"First and foremost, Martin McGuinness was a much loved husband, father and grandfather.

"My thoughts and prayers are with his wife and the family circle at this very painful time of grief and loss."

She said history would record differing views on Mr McGuinness but he had played a pivotal role in bringing the republican movement toward peace.

Mr McGuinness's successor as the party's leader at Stormont, Michelle O'Neill, paid tribute.

She tweeted: "My heart is broke this morning. We have lost a legend, a giant of a man. I'm very proud to say he was my friend and mentor x."

Dublin's Foreign Minister Charlie Flanagan spoke of Mr McGuinness' generosity of spirit, courageous leadership and his inspirational ability to stretch himself in the pursuit of political stability.

"In his embrace of the politics of peace, he made an immense personal contribution to building and consolidating peace on this island," he said.

Mr Flanagan added: "He led with patience, with courtesy, and with a willingness to see and acknowledge the goodwill in others even if those people were far removed from his own republican tradition.

"As deputy first minister, Martin displayed great courage and leadership, especially in undertaking gestures of respect and reconciliation which reached across community lines.

"He did so despite being exposed to political criticism and personal risk.

"This legacy of leadership will no doubt inspire the next generation of leaders in Northern Ireland."

Former Secretary of State John Reid said: "Martin McGuinness's passing is a sad loss to his family, friends and to Northern Ireland as a whole. He was an indispensable part of the peace process.

"Though Martin remained a staunch Republican, he had the courage to change, to compromise, to abandon violence, to embrace old enemies, to promote reconciliation and he made a massive contribution in shaping a better future for everyone in Northern Ireland."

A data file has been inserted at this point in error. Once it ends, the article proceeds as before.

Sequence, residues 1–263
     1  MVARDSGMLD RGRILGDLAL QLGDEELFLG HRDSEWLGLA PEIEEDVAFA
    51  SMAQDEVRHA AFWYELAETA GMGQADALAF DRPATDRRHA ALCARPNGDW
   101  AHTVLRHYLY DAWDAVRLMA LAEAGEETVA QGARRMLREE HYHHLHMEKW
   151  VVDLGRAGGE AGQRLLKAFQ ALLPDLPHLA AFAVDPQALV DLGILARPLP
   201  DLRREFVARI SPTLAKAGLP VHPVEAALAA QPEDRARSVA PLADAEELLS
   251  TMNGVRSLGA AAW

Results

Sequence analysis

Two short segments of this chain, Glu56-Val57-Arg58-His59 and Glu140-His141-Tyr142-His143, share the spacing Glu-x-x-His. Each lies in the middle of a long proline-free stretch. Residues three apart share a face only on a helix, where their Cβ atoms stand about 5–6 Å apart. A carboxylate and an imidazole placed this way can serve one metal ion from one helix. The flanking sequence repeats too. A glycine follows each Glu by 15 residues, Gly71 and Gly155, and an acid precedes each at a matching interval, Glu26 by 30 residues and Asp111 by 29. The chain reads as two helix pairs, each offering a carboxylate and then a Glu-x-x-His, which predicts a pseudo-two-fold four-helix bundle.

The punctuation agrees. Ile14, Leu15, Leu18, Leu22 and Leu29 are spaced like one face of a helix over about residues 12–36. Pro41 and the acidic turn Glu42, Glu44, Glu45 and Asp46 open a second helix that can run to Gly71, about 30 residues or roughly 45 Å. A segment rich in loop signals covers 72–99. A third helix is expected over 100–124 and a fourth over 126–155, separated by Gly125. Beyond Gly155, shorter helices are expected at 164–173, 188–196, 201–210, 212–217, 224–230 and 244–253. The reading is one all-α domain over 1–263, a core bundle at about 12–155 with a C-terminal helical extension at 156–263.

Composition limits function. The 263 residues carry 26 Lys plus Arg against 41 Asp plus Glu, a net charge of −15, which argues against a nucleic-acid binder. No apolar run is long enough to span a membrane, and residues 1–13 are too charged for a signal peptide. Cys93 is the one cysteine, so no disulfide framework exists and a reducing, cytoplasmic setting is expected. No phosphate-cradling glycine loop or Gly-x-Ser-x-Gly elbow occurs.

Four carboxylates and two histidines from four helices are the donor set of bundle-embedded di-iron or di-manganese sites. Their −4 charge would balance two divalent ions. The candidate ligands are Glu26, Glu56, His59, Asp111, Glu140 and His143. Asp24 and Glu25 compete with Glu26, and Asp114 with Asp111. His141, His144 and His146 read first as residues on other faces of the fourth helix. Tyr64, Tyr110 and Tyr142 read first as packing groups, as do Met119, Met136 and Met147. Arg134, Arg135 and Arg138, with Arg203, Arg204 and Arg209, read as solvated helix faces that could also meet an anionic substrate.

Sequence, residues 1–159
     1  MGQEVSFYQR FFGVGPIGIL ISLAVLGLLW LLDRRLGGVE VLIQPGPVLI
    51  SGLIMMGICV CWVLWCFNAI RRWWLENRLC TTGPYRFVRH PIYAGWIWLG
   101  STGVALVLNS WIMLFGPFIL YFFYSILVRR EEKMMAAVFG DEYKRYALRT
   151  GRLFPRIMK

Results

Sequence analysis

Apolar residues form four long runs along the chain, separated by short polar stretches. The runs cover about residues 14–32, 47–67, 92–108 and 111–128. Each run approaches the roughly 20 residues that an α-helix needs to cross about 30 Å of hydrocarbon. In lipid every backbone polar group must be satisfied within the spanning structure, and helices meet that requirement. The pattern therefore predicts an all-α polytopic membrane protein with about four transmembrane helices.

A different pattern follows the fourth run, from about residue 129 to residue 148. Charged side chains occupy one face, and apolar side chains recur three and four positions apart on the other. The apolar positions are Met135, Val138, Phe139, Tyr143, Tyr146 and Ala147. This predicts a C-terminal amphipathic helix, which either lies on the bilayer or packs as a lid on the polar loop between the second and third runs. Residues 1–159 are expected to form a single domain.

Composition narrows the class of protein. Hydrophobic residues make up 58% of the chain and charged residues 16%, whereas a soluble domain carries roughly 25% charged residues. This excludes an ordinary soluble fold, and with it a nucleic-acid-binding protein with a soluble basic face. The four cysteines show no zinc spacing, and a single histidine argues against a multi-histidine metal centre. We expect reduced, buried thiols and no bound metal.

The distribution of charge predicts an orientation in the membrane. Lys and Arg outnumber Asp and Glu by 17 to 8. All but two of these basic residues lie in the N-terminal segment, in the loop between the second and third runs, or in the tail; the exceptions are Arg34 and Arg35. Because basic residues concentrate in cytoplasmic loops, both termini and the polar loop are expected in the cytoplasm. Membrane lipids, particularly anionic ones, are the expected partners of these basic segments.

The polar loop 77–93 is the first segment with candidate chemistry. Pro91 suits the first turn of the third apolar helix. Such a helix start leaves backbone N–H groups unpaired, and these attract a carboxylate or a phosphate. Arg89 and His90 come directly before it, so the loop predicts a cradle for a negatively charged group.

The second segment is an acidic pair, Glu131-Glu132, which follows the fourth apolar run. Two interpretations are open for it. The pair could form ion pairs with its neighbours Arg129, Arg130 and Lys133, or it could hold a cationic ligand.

Labour leader Jeremy Corbyn said on Twitter: "Martin McGuinness played a huge role in bringing about peace in Northern Ireland. He was a great family man and my thoughts are with them."

Former taoiseach Bertie Ahern, who was central to the Good Friday Agreement being signed, described Mr McGuinness as an extraordinary person, honest in his efforts and an upfront negotiator.

"In negotiations when there is a lot at stake and it can't be a winner takes all Martin understood compromise," he told RTE Radio.

"He listened and he was able, I think, to arbitrate between different points of view."

Mr Ahern said he could "totally" understand why Mr McGuinness joined the IRA but also put his life on the line to pursue peace.

"I think Martin McGuinness would have been happier following Derry GAA club or Derry City or fly fishing in Donegal," he said.

"He was a good person in my view.

"He moved from a very difficult past where he took a particular side and he was a good person to negotiate with and certainly I considered him as a good friend as we went through 25 years of discussions."

Former Scotland first minister Alex Salmond tweeted his "sympathy and condolences" to Mr McGuinness' family, along with a statement that recalled his visit to Northern Ireland at the launch of the Stormont powersharing agreement.

"As first minister of Scotland, I was asked by Ian Paisley and Martin McGuinness to go to Northern Ireland in 2007 to support their new powersharing administration by addressing the Northern Irish Assembly," he said.

"I gladly did so and found a remarkable partnership, which was the anchor of the institutions consolidating the peace process.

"The friendship which developed between them was real, enduring and profound, private as well as public and allowed Northern Ireland to move away from violence. They were both solid friends of Scotland.

"That political journey was accompanied by Martin McGuinness' own personal journey. It is why it is right to both mourn his passing and recognise his contribution today. My sympathy and condolences go to Martin's family."

TUV Jim Allister said Mr McGuinness had taken secrets about his IRA past to the grave.

"Naturally, the passing of anyone causes grief and sorrow to their family and friends. All such families deserve condolences," he said.

"In the case of Martin McGuinness, he lived many more decades than most of his victims."

He added: "So today my primary thoughts are with the many victims of the IRA who never reached the age of 66; of men and women who never got to see their grandchildren because their lives were cut short by murderous republicanism; of children stolen from their parents and grandparents by the organisation in which McGuinness was a commander."

21 March, 2017 09:09 Northern Ireland news